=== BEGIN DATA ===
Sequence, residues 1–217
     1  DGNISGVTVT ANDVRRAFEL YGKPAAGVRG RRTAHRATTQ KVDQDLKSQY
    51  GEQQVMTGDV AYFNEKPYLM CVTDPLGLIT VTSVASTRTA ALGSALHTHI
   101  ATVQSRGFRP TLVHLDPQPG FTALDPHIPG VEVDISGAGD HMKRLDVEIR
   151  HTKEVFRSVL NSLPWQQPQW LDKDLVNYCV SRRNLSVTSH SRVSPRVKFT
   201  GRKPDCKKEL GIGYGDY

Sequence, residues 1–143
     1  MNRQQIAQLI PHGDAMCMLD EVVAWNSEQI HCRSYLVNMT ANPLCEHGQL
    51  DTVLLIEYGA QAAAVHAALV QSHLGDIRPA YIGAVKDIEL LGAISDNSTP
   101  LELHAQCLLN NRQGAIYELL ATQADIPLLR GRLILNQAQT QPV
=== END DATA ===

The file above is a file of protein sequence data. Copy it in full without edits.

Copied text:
Sequence, residues 1–217
     1  DGNISGVTVT ANDVRRAFEL YGKPAAGVRG RRTAHRATTQ KVDQDLKSQY
    51  GEQQVMTGDV AYFNEKPYLM CVTDPLGLIT VTSVASTRTA ALGSALHTHI
   101  ATVQSRGFRP TLVHLDPQPG FTALDPHIPG VEVDISGAGD HMKRLDVEIR
   151  HTKEVFRSVL NSLPWQQPQW LDKDLVNYCV SRRNLSVTSH SRVSPRVKFT
   201  GRKPDCKKEL GIGYGDY

Sequence, residues 1–143
     1  MNRQQIAQLI PHGDAMCMLD EVVAWNSEQI HCRSYLVNMT ANPLCEHGQL
    51  DTVLLIEYGA QAAAVHAALV QSHLGDIRPA YIGAVKDIEL LGAISDNSTP
   101  LELHAQCLLN NRQGAIYELL ATQADIPLLR GRLILNQAQT QPV